Alex Enumah in Abuja
The legal battle between the candidate of the All Progressives Grand Alliance (APGA) in the March 9, governorship election in Imo State, Senator Ifeanyi Araraume and Governor Emeka Ihedioha has moved to the Court of Appeal, with Araraume asking the court to set aside the judgement of the Imo State Governorship Election Petition Tribunal, which upheld the election of Ihedioha as Imo State Governor.
The three-man panel of the tribunal had in a unanimous decision delivered on September 21, held that Ihedioha was lawfully declared winner of the governorship election by the Independent National Electoral Commission (INEC).
The tribunal chaired by Justice Malami Dongondaji, had in the judgement dismissed Araraume’s petition for lacking in merit on the grounds that the petitioners failed to prove allegations made in their petition.
Araraume and his party, APGA, had in their petition argued that Ihedioha did not obtain the constitutional one-quarter of the votes in at least two-thirds of the 27 local government areas of the state, in line with Section 179 of the Constitution.
They had in addition alleged massive Irregularities, hijacking and diversion of electoral materials and substantial non-compliance with the Electoral Act.
But the tribunal in its judgement held that the case of the petitioners was unmeritorious because they failed to call relevant witnesses and that evidence of witnesses called was based on hearsay.
The tribunal in addition rejected documents tendered by the petitioners in support of their claims on the grounds that those who led evidence in the documents were not the makers of the documents.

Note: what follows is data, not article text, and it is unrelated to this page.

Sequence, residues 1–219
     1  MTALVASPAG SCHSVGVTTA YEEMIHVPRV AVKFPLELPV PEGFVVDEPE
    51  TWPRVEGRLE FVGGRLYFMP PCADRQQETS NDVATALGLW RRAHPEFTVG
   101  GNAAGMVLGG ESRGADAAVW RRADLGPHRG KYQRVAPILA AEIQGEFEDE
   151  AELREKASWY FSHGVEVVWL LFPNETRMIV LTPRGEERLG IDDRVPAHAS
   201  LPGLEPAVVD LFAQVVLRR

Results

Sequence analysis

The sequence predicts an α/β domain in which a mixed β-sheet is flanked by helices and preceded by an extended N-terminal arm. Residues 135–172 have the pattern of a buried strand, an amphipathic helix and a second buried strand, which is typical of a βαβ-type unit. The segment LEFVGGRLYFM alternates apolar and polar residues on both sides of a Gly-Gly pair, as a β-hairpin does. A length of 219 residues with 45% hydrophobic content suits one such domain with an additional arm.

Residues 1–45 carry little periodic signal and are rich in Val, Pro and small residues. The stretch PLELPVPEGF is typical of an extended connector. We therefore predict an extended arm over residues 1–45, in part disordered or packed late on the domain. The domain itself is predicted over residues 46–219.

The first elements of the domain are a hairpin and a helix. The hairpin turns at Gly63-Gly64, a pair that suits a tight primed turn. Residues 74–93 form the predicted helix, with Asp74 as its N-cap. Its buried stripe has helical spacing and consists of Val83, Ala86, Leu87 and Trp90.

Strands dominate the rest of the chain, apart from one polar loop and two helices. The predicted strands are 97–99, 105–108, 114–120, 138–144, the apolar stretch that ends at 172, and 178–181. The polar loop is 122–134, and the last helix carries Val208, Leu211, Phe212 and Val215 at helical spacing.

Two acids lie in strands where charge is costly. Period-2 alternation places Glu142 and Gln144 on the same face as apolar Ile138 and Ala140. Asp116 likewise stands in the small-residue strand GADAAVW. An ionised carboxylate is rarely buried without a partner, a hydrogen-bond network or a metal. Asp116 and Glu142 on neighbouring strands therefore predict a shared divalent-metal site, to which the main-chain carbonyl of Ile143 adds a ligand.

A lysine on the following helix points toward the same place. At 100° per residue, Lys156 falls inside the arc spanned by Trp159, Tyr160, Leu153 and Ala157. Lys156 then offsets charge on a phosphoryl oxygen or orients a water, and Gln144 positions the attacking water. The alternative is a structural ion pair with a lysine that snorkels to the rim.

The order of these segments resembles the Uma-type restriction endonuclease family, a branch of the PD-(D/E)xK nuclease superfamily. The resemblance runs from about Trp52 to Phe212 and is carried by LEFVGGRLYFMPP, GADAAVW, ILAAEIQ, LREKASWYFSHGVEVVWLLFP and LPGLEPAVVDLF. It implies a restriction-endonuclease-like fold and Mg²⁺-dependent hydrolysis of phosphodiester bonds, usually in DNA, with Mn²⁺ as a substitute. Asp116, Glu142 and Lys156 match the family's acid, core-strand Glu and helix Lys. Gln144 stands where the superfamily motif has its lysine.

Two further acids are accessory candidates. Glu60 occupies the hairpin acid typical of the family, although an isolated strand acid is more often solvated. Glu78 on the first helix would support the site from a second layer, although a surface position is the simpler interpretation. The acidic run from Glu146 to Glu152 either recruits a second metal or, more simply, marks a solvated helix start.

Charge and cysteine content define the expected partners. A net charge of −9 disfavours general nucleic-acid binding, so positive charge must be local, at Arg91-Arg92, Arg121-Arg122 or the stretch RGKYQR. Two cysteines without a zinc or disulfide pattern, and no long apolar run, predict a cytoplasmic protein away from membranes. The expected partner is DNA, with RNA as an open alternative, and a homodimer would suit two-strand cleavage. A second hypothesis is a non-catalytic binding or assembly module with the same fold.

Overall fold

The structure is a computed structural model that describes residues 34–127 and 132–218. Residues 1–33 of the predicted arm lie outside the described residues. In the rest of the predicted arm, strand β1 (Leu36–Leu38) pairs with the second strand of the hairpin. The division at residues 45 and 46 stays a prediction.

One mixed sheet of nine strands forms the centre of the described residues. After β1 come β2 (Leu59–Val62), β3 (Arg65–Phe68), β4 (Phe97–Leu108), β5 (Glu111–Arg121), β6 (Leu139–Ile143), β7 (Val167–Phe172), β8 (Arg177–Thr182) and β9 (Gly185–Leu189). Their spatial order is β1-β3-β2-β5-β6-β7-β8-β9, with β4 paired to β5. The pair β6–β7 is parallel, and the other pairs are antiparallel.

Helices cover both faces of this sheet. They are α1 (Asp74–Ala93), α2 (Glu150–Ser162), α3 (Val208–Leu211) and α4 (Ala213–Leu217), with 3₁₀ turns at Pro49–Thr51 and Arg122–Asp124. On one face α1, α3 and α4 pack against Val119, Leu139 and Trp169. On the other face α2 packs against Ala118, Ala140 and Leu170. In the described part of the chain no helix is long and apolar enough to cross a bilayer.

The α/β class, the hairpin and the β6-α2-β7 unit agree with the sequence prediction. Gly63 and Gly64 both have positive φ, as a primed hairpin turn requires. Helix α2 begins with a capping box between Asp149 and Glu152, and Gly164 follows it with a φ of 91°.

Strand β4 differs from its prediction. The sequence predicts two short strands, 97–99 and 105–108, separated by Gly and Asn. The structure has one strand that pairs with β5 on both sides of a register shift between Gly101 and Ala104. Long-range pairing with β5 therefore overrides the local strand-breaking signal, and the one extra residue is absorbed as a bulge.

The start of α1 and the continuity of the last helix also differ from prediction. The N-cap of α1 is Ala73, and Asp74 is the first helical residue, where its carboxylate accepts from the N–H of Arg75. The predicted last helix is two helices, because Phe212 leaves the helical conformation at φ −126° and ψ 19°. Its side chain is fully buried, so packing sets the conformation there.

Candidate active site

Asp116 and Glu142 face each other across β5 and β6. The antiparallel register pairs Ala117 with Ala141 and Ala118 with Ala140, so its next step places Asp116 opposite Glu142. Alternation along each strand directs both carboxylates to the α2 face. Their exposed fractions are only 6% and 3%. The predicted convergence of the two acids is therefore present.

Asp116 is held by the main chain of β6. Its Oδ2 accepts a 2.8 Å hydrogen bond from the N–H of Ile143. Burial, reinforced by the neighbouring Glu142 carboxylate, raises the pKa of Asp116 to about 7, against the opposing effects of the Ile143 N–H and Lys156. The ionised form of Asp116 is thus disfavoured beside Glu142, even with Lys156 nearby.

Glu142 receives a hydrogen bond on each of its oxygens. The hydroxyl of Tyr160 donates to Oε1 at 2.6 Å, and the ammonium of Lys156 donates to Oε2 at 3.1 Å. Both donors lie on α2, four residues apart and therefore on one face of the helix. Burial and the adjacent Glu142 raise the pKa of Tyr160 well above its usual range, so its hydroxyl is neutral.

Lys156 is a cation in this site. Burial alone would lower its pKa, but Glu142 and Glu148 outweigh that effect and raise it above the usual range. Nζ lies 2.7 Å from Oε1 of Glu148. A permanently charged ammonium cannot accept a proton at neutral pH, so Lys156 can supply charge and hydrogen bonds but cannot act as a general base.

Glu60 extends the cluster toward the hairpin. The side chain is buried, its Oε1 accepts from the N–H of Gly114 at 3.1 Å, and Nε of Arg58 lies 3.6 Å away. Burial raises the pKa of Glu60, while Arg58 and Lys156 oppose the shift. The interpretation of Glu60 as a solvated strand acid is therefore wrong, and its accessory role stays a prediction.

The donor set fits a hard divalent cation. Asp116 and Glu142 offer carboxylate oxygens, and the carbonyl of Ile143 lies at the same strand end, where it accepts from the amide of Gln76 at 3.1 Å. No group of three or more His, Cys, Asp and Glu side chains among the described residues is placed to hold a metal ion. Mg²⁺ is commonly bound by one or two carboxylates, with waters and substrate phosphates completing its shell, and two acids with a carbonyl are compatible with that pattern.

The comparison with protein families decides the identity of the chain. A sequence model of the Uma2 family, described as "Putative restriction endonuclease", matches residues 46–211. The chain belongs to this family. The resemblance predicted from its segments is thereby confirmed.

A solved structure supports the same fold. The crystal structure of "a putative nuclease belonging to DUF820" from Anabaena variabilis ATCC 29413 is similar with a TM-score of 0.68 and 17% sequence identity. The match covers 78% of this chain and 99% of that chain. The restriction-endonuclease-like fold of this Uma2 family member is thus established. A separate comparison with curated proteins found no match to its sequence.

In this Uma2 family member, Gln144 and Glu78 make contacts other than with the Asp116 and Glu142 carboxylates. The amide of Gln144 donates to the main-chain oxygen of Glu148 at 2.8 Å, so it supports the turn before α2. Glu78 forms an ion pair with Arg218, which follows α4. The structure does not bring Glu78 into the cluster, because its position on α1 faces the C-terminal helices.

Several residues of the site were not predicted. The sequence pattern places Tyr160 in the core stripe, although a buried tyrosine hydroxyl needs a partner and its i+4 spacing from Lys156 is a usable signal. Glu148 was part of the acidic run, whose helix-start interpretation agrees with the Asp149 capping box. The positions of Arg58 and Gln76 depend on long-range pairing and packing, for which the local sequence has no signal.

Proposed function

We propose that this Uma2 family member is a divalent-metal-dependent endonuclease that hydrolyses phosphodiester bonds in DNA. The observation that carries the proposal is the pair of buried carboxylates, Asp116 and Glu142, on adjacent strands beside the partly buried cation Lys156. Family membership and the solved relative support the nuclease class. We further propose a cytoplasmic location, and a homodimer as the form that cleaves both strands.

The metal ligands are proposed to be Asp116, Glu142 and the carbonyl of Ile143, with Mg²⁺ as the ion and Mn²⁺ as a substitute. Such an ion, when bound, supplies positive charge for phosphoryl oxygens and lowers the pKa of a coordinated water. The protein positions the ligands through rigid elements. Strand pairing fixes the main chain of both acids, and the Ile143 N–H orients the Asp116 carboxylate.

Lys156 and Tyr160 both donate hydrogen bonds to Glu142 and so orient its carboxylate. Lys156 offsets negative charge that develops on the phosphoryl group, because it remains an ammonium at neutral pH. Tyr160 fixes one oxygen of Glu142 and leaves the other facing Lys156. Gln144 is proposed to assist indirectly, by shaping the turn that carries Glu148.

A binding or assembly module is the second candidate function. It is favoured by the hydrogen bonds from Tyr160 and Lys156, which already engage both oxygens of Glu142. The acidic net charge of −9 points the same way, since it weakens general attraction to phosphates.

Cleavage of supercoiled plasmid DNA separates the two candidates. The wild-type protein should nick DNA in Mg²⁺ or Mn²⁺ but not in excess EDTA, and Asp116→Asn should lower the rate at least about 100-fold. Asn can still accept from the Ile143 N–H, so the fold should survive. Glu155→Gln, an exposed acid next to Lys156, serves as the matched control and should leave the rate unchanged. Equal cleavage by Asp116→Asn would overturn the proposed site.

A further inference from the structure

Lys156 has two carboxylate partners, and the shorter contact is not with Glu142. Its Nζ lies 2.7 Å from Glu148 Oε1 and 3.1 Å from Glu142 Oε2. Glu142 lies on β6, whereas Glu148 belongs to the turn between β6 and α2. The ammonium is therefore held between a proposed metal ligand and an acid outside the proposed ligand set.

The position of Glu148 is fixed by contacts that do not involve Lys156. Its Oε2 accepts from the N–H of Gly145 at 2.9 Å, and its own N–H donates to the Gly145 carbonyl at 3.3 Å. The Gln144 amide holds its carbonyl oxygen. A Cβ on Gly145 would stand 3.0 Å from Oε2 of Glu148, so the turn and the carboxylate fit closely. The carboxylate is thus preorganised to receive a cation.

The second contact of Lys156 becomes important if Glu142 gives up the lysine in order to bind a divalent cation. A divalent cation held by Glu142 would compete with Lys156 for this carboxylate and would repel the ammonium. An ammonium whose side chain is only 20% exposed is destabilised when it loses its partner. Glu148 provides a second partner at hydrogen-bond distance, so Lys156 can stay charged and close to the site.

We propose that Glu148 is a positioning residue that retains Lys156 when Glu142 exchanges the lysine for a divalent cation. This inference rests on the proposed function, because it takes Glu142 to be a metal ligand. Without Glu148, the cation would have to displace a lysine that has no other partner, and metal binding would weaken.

“The petitioners failed to proffer cogent, credible and sufficient evidence to entitle them to the reliefs sought in paragraph 30 of the petition filed on the 29/03/2019,” the tribunal held.
Not satisfied by this decision, Araraume and his party had approached the appellate court to upturn the decision of the tribunal on the grounds that the lower court erred in law, when it arrived at the decision that the case of the petitioners lacked merit and accordingly dismissed it.
The appeal, which is predicated on 22-ground was filed on behalf of the appellants by their lawyer, Awa Kalu, SAN and is challenging the entire decision of the tribunal.
In ground one of the appeal, Ararume and his party submitted that the tribunal was misdirected in law when they held in reference to the PW1 that “he did not state his professional skill and how long he has practiced…”.
According to the appellants, the tribunal in this case failed and neglected to consider the qualifications of the witness, which were contained in his witness statement on oath, which he adopted in the course of trial as his evidence in chief.
They submitted that the summary rejection of the analysis of the witness led to a miscarriage of justice having regards to the fact that PW1 teaches at a tertiary level and there was no competing or opposing analysis. “An analysis based on Form EC8D, which was not disowned by the 1st respondent (INEC) cannot be ignored”, they said.
They also argued in ground two that the tribunal erred in law when it concluded that Forms EC8A, EC8B, EC8C, and EC8D, which were tendered from the bar by the appellants’ lawyer during the examination-in-chief of PW4 are inadmissible, having not been tendered by the maker.
According to them, the tribunal failed to consider that the said documents are public documents which are carbon copies of the original and as such can be tendered from the bar upon mere production.
“The electoral forms which were tendered by the petitioners were all duly certified by the 1st respondent and such documents would normally speak for themselves.
“The 1st respondent statutorily is the father of the makers of the documents as tendered and having not disowned them, the documents could not be rejected as not being tendered by their makers.
“The tribunal ignored the fact that the electoral forms aforesaid had in accordance with others made after pre-hearing been tendered from the bar and were duly identified by the PW4 and tied to relevant paragraphs of his witness statement on oath”, they argued.